Laura Saltman can dish it out. Whether she’s interviewing the stars for Access Hollywood, posting celebrity news on her blog A Dish of Salt, or discovering the next big thing in entertainment, Laura Saltman isn’t afraid to ask the juicy questions. And she does it all with a smile on her face and a light in her eyes. She’s bright, she’s funny, she’s passionate, and she really cares about the people she interviews.

Blast recently chatted with Access Hollywood’s celebrity reporter about rising stars, Glee, American Idol and her beloved dogs (a black lab and a beagle/spaniel mix). What do you ask someone who asks really cool people questions for a living? Well, you start with the really cool people.

BLAST: What is your favorite interview you’ve ever done?

LAURA SALTMAN: My favorite was with Hugh Jackman on the day it was announced he was People’s Sexiest Man Alive. I love Hugh Jackman. He gave a fantastic interview, and I think he’s drop dead gorgeous. But there was this controversy, with people at work saying "Hugh Jackman’s not the sexiest man alive!" So I came up with the 10 reasons why I love Hugh Jackman and why he should be the sexiest man alive. I had it framed, printed on nice paper, and I brought it to him at the interview. He absolutely went nuts for it, he thought it was the greatest thing ever. He was reading the whole thing and he couldn’t believe that I went through all this trouble! He told me he was going to put it in his man room, which is his version of the man cave in the basement. And I really believe that that is hanging on his wall in Australia right now.

BLAST: What were some of the things you put on the list?

LS: He man-scapes. The fact that he is still married and loves his wife. His masculinity, even though he’s played a gay man on Broadway. And I think one of the reasons was his chest. And because he’s a great interview and he always knows the right answer to give. He’s the best, such a sweetheart.

BLAST: What was your worst interview?

LS: My worst interview was Daniel Craig, which is ironic, since they’re currently starring on Broadway together. It was for the movie "Defiance." But he’s Bond, right? You’re going in, thinking he’s going to be suave, charismatic, sophisticated, so cool. I’d never interviewed him before and never met him, and I was expecting him to be Bond, and he was not Bond. He was just charmless. He was very matter-of-fact, and I could not get him to warm up to me. Of course I thought it was me! But then I asked other people about it, and they all said the same thing, that he’s just not the person you expect him to be. He’s a very serious actor, and he doesn’t play into all the Hollywood stuff. He just wants to be an actor, and that’s all. But he’s Bond! It surprised me.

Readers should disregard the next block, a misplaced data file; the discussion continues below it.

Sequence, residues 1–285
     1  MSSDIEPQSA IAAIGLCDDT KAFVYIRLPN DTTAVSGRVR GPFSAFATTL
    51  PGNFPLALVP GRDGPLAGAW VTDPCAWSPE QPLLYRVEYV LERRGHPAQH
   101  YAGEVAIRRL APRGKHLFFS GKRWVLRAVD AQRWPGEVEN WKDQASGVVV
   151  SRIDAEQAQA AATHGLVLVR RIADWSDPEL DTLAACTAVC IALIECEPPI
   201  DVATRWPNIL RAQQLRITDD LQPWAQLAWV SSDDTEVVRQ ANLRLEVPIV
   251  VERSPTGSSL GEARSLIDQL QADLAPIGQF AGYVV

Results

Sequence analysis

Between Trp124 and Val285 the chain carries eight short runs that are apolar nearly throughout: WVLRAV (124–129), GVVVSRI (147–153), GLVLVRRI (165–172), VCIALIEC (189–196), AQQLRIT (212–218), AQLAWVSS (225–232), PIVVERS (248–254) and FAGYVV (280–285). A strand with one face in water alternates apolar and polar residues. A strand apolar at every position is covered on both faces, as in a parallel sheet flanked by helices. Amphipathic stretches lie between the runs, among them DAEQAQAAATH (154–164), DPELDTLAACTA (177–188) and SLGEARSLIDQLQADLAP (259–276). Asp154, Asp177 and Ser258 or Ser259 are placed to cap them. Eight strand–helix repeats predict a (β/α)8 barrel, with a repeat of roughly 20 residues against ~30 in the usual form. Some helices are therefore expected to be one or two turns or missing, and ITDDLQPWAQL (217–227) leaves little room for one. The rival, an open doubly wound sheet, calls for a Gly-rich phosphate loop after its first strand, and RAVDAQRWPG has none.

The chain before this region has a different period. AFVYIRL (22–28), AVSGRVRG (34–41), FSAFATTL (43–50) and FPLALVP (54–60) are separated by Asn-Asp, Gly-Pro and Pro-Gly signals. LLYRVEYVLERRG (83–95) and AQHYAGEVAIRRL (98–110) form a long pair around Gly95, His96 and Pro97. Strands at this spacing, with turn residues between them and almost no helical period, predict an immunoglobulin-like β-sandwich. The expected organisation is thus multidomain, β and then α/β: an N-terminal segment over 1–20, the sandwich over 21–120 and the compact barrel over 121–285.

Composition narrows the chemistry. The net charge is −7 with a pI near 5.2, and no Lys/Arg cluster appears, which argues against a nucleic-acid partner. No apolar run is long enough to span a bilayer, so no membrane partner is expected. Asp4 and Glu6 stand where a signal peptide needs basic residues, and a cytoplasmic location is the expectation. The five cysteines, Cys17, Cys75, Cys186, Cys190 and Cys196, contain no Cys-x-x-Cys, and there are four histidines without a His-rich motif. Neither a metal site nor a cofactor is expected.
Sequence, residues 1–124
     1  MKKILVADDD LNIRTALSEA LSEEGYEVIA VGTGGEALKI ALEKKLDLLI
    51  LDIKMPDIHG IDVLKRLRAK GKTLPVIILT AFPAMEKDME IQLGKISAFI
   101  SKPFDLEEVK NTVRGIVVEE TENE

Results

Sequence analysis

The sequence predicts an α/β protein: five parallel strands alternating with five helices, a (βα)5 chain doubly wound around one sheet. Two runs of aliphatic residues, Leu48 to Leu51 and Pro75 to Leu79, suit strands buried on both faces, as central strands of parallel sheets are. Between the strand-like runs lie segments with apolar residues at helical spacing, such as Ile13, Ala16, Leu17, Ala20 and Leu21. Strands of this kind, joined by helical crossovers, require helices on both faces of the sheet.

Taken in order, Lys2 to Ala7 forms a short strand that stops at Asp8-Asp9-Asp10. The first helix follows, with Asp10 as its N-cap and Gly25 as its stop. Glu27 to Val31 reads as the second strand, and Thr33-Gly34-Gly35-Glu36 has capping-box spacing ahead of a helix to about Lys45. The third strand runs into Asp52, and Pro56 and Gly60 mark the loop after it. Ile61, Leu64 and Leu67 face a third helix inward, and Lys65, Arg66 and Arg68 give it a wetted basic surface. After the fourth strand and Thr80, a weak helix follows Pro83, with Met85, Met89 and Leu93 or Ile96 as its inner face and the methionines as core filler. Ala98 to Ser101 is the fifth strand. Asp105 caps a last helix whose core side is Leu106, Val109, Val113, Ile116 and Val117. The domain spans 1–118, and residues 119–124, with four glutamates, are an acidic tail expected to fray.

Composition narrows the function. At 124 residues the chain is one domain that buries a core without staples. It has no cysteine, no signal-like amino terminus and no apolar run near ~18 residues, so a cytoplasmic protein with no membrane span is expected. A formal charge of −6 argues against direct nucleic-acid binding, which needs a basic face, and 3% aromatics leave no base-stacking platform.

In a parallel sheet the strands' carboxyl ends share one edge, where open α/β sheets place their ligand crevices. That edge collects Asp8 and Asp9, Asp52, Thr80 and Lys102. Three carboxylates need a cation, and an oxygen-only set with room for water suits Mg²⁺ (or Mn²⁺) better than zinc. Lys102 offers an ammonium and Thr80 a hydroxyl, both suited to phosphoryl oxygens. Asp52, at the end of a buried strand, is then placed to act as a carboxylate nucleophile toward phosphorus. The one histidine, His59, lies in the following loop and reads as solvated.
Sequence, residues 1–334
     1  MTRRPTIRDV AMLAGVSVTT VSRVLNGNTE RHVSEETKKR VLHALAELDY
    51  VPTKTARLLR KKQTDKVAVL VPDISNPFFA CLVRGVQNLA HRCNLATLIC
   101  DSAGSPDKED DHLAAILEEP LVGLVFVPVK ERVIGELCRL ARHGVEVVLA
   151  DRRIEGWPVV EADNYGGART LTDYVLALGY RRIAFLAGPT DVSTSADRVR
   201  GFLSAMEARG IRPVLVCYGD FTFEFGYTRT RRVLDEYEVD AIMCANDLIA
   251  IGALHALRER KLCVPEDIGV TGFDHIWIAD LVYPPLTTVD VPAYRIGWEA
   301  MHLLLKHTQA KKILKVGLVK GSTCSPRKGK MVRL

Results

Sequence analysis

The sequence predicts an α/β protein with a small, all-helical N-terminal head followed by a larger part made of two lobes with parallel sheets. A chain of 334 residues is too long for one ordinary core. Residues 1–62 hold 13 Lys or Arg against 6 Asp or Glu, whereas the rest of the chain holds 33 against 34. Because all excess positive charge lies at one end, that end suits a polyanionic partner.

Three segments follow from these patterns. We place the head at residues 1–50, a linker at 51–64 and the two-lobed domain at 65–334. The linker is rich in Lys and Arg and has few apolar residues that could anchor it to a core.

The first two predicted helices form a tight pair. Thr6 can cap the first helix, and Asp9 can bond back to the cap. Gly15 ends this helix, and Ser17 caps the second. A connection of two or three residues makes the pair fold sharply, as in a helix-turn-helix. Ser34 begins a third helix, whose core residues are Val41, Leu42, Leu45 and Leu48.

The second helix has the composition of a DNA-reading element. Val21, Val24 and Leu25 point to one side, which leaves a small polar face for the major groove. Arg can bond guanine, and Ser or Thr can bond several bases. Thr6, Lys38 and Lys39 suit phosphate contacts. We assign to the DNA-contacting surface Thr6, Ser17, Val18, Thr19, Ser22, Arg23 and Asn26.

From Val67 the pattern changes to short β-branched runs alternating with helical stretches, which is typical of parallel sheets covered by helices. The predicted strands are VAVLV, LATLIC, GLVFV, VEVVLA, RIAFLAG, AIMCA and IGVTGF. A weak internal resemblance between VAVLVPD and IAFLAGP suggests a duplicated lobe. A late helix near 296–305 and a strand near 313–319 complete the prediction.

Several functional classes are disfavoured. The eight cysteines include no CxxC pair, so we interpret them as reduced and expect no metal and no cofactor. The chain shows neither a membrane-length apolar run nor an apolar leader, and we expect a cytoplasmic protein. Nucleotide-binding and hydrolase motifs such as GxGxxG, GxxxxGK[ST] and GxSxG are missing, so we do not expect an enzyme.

BLAST: What’s it like interviewing someone who’s on a reality show, as opposed to someone who’s born and bred famous?

LS: To me it’s better because people who are on reality shows don’t have the agents, the managers, the publicists breathing down their neck, telling them every single word to say. It changes to much, they’re just being real. I would so much rather interview somebody who’s just being who they are than someone who’s already calculated what they’re going to say to me. I don’t like stuff like that. I would rather interview someone from American Idol, or one of the Bachelors, or even the celebrities from Dancing with the Stars, who have been knocked down a few pegs and are now doing the show trying to come back. I’d rather interview them because they’re less guarded than celebrities.

BLAST: Do publicists get in your way a lot? Are there a lot of canned responses?

LS: It’s become a bigger problem in our industry as the tabloids have taken over. You have to walk a fine line. I have to think, "If I were a celeb, would I want someone asking me that? What would I say back?" Some take it better than others. I’d rather have someone say to me "No comment" than just walk away. With Twitter, people are now getting ahead of the story. Like Jessica Simpson. There was a story about when she broke up with Tony Romo, and she went on Twitter and said "I’m doing ok, don’t worry about me, I’ll be fine." So instead of the paparazzi hounding her to get the first response from her, she just went on Twitter and said how she was feeling. It took the paparazzi out of the picture.

BLAST: What’s it like to interview a rising star? I noticed you interviewed Lea Michele from Glee recently. What’s it like to interview someone like that, where you know that this is their first big break?